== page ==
In February 2009, I posted my first blog post on Suneé Sees the World. Back then the blog was still called Wish You Were Here, a name I changed later on when I started learning a bit more about SEO and Google search ranks, and decided to start making things a little more personal. Although I still think the original name is valid (albeit somewhat cliché), the new name says exactly what this blog is all about.
Back then I still wanted to forge a career as a travel writer, and although I’d still like to get published, it’s definitely not as high on my priority list as it used to be. My first few posts were meant to showcase an ability to write feature articles, so if you venture back to Paris for All Seasons and Charismatic Cardiff you’ll notice that my writing style has changed a lot since then. It’s gone from being a more formal presentation to an open discussion of my own experiences while travelling, not quite diary entries, but still an honest account of my travels.
The Fond Memories series is still one of my favourites, although I haven’t done another instalment in quite some time. In these short, descriptive entries I try to evoke a specific memory or a specific point in time in short, concise yet descriptive prose.
If you have a look at the archives you’ll notice that I didn’t take the blogging too seriously up until about August 2010. I then realised that I actually enjoyed blogging immensely, especially when readers started commenting, and knew that if I were to capture and keep people’s attention a once-a-month random entry wasn’t going to cut it. At the time I was employed by a company that really didn’t have any work for me to do, so I started finding ways to keep myself busy during “working” hours. That’s when I realised that others are blogging about travel too and that there is a whole community of people out there sharing the same interest and passion as me. I was hooked.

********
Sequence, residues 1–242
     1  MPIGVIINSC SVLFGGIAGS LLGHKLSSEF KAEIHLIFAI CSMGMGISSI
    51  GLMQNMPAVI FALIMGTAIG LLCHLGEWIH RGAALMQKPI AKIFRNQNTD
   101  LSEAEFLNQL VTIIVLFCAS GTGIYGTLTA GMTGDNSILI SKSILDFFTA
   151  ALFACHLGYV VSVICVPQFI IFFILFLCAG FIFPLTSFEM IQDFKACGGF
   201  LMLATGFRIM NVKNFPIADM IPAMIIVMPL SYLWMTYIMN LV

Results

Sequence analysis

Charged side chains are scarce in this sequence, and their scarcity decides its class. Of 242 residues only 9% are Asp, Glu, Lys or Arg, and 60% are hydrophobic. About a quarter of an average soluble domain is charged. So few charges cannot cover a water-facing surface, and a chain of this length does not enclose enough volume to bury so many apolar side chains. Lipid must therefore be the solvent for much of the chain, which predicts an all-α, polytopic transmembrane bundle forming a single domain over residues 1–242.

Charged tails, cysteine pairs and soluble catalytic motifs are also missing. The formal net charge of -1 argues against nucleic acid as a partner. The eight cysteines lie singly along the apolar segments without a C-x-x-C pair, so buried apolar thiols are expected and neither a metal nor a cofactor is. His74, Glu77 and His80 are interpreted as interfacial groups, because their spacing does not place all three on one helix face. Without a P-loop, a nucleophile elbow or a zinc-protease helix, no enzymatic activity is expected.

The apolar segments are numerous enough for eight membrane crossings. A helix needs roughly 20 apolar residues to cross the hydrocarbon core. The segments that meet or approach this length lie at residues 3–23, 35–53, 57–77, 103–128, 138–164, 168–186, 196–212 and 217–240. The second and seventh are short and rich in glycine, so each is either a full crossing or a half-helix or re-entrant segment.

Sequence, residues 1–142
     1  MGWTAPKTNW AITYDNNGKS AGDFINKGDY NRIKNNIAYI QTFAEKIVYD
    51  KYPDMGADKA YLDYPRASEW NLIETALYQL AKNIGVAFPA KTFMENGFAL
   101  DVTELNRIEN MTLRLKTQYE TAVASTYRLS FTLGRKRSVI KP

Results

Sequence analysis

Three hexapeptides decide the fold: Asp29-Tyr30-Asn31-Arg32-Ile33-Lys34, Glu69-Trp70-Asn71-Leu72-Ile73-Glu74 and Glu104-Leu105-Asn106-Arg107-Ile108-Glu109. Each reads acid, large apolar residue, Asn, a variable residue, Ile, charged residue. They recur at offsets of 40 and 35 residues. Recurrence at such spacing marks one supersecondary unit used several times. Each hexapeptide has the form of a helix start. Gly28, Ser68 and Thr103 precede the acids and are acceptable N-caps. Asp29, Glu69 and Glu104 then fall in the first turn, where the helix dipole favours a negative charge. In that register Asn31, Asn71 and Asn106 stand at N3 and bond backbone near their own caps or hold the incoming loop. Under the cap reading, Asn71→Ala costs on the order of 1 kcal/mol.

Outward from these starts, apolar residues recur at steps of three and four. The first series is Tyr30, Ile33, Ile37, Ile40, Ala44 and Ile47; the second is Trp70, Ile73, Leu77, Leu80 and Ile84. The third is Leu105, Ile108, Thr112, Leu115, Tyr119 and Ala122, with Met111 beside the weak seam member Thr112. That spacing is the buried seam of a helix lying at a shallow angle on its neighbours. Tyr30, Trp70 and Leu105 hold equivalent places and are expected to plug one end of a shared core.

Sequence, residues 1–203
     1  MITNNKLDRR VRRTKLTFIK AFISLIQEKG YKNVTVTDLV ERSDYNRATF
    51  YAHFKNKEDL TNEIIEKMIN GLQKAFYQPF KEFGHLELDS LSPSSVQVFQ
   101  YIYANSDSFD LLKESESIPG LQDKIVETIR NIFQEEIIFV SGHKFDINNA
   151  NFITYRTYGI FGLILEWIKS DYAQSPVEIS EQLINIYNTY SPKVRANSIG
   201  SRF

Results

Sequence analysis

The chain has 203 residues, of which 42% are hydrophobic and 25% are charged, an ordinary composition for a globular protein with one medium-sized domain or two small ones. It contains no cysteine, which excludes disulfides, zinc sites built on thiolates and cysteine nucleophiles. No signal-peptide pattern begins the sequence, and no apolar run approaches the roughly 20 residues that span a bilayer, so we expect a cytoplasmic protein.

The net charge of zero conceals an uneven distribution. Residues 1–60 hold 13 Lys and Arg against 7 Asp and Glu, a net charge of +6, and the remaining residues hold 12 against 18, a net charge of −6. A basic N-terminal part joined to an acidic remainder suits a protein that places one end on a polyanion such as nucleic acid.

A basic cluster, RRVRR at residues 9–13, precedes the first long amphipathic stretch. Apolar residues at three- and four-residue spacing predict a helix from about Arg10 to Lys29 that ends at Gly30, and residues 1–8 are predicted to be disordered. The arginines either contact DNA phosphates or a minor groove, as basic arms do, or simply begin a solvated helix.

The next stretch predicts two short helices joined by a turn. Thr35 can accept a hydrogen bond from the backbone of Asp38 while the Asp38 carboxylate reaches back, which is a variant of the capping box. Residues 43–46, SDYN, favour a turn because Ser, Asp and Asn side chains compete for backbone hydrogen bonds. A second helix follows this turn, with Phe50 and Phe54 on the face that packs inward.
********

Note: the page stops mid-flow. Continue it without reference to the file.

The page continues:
Since then, and up until quite recently, I concentrated on getting two blog posts out in a week. Now that I’m working for another company, one where I have very tight deadlines to adhere to, I really don’t have as much time to devote to blogging anymore, and you might have noticed that it’s dropped down to usually one post a week, and sometimes I miss a week altogether. I’ve tried making up for that by putting more effort into these posts, so that when I do write something it’s at least something interesting with good quality writing (at least, I hope it is!).
While I watched the Stats page almost obsessively at first, I’m no longer too worried about how many hits a day I get. Readership is important of course, otherwise it’s more monologueing than blogging, and while I love that people from all over the world are reading and commenting, my blogging friend Joel from Freedonia Post helped me to realise that it should first and foremost be something that I do for myself, something that I enjoy doing, rather than letting it become a burden to write about what other people might like to read. It’s also the reason why I won’t take the plunge and move to WordPress and get my own domain, because I’m no longer interested in making this a source of potential income, and if the blogging elite won’t take me seriously because my URL has the word “blogspot” in it, then so be it.
So today is my 100th post. Since the previous My 7 Links post was a little bit of a review of what I’ve written so far, I thought I’d have a more general look at how the blog has developed and what is in store for it in the near future.
There’s only one more post on our Krugersdorp-Golden Gate holiday left, after which the Spain 2010 series will continue. In August, Gareth and I will be heading out to Botswana and Zimbabwe for a week to visit Chobe National Park and the Victoria Falls, so expect to see lots of posts from that trip as well. After that, who knows? Perhaps I’ll finally get time to revisit our Zanzibar excursion, or the wonderful time we had in Malta before that. Or perhaps I can start planning for next year’s adventures…
As always, thank you for reading. I appreciate each and every comment, they are part of what keeps me motivated. If you have any feedback or suggestions, please feel free to e-mail me or leave a comment below.